Personally, I’d like the hear the Killer play a little Bach sometime.

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Did John Wilkes Booth Survive and live in Tennessee?

February 19, 2007

Today’s Chattanooga Times Free Press (alas, subscription required) trots out the latest John-Wilkes Booth-escaped-death theory, this time claiming that the assassin of Lincoln married a Sewanee woman and lived for a period of time in Tennessee.

Tales of Booth’s second act have been around for a while, as this Wikipedia entry explains.

As Dick Cook writes in the Times Free Press, “. . . there was one piece of physical evidence: the signature of “Jno. W. Booth” and his bride, Louisa J. Payne, recorded Feb. 24, 1872, in the marriage license records office of the Franklin County Courthouse.”

The rest of the story centers in a Flannery O’Connoresque tale. Seems that one Ken Hawkes, who was an autopsy technician for the Shelby County medical examiner’s office, heard accounts of “a mummy that was purported to be Mr. Booth being toted around the Midwest in carnivals during the 1930s.” If this mummy could be found, Mr. Hawkes believes, DNA tests would reveal if it is the remains of the notorious Booth.

And there’s the rub. The mummy has disappeared–nothing on eBay or in the National Enquirer. “I do believe the mummy still exists,” Hawkes said. “I think it’s in a private collection.”

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Slave Descendant now on Plantation Board of Directors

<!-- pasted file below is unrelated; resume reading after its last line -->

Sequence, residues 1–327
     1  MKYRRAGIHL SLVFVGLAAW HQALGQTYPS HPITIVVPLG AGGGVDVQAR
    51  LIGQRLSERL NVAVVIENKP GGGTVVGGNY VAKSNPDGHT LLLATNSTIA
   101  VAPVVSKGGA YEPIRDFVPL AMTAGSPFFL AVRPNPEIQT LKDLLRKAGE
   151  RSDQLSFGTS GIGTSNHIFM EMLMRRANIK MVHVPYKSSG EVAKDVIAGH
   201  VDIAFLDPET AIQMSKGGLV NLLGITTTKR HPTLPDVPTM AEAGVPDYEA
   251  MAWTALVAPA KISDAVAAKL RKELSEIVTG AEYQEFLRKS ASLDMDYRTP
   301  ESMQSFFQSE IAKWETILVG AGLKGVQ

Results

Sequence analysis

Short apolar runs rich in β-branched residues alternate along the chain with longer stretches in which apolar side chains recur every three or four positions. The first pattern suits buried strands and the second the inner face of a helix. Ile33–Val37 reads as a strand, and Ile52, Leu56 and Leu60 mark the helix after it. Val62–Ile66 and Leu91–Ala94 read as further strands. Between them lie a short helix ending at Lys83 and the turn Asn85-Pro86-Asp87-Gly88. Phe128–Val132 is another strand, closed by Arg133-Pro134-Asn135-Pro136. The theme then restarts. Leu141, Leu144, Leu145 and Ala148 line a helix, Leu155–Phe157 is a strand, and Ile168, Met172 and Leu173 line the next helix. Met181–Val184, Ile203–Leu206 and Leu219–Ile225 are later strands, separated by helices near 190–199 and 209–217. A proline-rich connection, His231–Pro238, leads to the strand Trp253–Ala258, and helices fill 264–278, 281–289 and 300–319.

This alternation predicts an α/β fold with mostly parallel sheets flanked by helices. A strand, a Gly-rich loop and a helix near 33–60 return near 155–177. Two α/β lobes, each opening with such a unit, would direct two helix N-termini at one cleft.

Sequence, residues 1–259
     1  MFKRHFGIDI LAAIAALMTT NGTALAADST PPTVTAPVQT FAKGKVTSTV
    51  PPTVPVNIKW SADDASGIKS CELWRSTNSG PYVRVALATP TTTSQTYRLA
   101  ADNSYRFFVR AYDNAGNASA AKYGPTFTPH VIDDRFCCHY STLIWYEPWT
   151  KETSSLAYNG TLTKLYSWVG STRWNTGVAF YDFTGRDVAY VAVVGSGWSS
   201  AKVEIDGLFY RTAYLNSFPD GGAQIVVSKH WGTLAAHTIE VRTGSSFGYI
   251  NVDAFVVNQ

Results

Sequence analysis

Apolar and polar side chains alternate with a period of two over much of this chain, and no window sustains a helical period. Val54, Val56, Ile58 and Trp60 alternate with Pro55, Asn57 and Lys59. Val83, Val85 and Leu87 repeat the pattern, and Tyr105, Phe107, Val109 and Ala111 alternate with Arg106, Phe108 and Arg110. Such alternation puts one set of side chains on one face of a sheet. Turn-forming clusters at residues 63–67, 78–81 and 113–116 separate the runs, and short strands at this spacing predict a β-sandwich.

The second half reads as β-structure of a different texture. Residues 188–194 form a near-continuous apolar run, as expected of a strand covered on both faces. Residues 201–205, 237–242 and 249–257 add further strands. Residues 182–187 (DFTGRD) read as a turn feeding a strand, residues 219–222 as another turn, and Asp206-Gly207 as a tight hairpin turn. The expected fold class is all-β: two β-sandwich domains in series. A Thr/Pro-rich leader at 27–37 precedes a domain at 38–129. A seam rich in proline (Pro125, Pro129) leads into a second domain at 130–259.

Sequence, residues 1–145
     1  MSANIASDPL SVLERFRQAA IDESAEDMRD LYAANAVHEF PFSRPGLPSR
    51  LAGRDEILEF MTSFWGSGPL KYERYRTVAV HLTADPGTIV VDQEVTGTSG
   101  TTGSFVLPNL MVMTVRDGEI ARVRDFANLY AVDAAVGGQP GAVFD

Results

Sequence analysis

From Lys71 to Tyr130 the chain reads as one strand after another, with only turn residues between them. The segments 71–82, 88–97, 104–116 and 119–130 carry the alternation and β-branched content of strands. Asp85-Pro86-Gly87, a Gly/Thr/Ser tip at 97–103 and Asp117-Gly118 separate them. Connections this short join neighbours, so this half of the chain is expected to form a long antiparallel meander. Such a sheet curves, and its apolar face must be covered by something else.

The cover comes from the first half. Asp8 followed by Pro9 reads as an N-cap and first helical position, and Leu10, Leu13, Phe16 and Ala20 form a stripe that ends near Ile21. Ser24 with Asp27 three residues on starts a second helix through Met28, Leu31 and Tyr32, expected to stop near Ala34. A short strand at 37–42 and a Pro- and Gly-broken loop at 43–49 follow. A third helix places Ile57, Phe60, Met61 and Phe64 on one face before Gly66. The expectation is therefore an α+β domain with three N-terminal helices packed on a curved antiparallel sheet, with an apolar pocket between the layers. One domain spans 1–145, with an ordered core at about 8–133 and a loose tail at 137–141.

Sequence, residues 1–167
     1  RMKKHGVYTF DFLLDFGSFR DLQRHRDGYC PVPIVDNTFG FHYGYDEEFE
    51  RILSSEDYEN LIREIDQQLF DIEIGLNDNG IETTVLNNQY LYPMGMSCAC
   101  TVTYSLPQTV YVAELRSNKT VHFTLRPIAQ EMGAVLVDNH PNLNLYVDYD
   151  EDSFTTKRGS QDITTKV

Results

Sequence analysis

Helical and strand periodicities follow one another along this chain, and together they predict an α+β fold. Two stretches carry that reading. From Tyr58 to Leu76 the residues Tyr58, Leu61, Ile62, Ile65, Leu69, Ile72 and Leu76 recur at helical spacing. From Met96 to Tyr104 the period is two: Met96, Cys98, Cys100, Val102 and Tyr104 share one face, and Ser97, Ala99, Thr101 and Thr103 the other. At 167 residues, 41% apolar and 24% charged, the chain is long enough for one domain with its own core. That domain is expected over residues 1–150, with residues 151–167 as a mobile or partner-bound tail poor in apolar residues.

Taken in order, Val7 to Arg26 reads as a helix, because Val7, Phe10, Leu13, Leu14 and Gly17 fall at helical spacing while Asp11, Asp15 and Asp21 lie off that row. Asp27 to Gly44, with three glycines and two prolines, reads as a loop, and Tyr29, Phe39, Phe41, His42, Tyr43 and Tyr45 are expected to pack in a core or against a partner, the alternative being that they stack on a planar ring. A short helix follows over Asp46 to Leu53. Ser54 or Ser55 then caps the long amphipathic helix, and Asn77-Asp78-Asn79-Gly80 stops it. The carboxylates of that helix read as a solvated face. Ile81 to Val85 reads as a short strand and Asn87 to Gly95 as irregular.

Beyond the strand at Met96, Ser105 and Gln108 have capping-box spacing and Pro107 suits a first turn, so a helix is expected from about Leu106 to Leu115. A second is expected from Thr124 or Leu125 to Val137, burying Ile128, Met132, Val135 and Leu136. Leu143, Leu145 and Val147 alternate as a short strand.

February 18, 2007

Today’s Tennessean has an interesting story on one of the newer board members of Nashville’s Belle Meade Plantation. Like many board members of such properties, Luvenia Butler has longtime family ties to the state and the city. Unlike her colleagues on the board, however, Ms. Butler is the descendant of slaves who belonged to the owners of Belle Meade.

This is extraordinary. Plantations that depend on tourism revenue have been making progress in coming to terms with the fact that their fortunes were built on human bondage, first by acknowledging that slavery took place, second by discussing it on tours and in exhibits, and finally by identifying and restoring slave quarters. To my knowledge, however, this is a first.

You can read more on Belle Meade here.

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Oak Ridge historic inn faces meltdown

February 17, 2007

Of all the hotels in Tennessee, the Alexander Inn in Oak Ridge can probably claim to have hosted the smartest collection of guests at any given time. Built during the Manhattan Project, its guests included Enrico Fermi, Robert Oppenheimer, General Leslie Groves, and other luminaries who developed the atomic bomb.

The 78-room hotel has been closed for around ten years and has become so run down that neighbors want it demolished. The News Sentinel has an article describing the situation facing so many historic hotels: it is on the Historic Register. It needs work. “Someone” ought to buy it and fix it up.

More on the history of Oak Ridge can be found at the Atomic Heritage Foundation, from which the photo below was lifted.